Apr 21, 2016

Spring at the Panhandle rain garden

This picture was taken on a very rainy day just about two years ago. It's a great reminder of the beginnings of our rain garden, located in the Panhandle next to the children's playground. 

The garden has been hugely helped by the abundant seasonal rains this year. A large number of volunteers have also worked to keep weeds at bay - and they've been largely successful. While there are several kinds of weedy grasses in the garden, they are just a small portion on the vegetation, and they are outmatched by several species of native grass, including Nasella pulchra (Purple needlegrass)

Last fall, a native plant called Spreading Rush proved to be spreading too much, so we pulled the smaller sprouts and moved around the juvenile plants. Now, that area is more diverse with ferns, heucheras, tellimas, and a number of Heracleum giganteum (Cow parsnip) with their white flowers on tall stalks.

The red-stem dogwoods have grown quickly, and this spring after putting out leaves they are now beginning to display their small white flowers. Many species of birds visit the protective thicket.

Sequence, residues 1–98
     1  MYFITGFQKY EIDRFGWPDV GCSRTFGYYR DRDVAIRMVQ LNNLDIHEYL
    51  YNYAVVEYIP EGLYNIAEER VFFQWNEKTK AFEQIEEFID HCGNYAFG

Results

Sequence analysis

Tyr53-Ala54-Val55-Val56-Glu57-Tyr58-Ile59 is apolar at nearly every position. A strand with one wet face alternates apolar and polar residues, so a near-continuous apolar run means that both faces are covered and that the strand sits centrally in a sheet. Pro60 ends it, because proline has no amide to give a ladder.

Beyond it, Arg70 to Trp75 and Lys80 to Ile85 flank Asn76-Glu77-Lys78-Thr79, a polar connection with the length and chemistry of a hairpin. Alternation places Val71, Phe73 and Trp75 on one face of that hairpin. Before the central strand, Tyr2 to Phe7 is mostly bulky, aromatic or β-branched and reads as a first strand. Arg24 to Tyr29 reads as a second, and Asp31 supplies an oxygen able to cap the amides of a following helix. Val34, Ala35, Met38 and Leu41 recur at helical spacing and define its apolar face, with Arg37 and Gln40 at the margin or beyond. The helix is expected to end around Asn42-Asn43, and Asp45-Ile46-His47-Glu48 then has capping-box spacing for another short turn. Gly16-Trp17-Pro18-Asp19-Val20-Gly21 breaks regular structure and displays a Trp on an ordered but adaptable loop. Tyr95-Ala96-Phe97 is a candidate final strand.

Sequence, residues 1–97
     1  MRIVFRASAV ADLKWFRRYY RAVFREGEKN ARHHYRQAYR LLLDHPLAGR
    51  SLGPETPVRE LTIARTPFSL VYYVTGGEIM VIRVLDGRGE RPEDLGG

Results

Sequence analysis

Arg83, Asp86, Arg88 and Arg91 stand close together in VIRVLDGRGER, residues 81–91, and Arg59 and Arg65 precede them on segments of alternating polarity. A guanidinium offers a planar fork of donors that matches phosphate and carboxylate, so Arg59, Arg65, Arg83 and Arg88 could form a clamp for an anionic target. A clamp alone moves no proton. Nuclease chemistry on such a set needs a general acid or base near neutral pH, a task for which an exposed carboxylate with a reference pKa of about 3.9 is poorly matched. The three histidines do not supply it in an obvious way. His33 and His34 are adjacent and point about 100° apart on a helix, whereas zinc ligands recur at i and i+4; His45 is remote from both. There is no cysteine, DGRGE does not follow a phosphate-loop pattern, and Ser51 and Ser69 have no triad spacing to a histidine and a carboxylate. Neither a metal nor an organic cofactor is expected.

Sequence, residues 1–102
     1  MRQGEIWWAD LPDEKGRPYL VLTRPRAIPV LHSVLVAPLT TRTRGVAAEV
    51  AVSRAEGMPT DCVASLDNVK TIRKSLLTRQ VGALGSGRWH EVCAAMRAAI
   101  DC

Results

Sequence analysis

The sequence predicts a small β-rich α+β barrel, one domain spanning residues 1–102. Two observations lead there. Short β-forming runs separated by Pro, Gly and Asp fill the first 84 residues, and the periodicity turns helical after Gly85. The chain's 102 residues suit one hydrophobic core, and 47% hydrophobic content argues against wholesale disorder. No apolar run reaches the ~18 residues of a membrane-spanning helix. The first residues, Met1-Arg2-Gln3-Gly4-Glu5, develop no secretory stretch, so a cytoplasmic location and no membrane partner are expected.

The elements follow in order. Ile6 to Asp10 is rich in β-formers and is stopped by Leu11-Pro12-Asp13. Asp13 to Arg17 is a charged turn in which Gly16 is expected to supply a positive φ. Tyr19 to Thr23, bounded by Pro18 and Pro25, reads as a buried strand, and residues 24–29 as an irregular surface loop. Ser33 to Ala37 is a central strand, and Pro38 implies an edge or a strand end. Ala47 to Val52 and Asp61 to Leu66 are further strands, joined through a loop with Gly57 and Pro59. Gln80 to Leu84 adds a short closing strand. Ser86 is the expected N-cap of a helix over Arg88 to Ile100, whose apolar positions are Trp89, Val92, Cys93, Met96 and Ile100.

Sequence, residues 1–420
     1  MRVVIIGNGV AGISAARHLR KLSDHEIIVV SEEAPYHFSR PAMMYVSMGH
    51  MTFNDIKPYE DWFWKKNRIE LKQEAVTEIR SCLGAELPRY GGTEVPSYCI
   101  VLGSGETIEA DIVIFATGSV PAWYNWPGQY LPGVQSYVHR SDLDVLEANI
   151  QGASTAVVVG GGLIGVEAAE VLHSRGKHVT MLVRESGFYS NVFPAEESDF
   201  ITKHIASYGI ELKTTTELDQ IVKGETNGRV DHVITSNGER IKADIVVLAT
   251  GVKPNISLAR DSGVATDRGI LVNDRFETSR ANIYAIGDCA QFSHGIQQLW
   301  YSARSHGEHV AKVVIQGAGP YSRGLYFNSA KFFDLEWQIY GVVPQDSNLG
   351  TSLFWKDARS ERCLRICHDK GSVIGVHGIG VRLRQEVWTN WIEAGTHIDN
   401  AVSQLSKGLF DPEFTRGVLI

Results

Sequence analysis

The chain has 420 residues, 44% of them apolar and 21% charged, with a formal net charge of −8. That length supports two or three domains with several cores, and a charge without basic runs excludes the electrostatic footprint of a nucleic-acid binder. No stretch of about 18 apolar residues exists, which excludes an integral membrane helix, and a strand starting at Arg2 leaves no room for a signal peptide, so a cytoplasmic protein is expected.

The yarrow forms a solid border on the north side of the garden, and is setting up for a long bloom in late spring/early summer. 

Meanwhile on the opposite side, a more delicate plant called Potentilla gracilis (Graceful cinquefoil) is prolific. Its bright yellow flowers bloom in summer-fall. These three plants - the dogwood, yarrow, and cinquefoil - are some of the plants in the garden that, in the future, we may choose to cut back, in order to increase the diversity within the rain garden. Pruning back native plants takes effort, but it's a great situation for this project to be in.  

The willowherb - growing profusely on the side of the garden near the basketball courts - may call for slightly different measures. We have discussed the willowherb at workdays and have puzzled over whether to remove it. We did not plant it; even the exact species is elusive ... I guess it is Epilobium parviflorum or ciliatum or hirsutum...so maybe it's native, maybe not. There will be a summer bloom of thousands of tiny bright purple-pink flowers. I leaned toward leaving them in place, preferring them to more intrusive grasses that wash into the garden with each rainfall. By mid summer, though, many of them may need to go. After blooming, their seeds quickly emerge, attached to long white fibers and hanging on to the tops of the plants a bit like spiderwebs..and then the whole plant dies. It might be a good idea to remove some of them this summer, both for appearance and to keep it from extending its reach around the garden.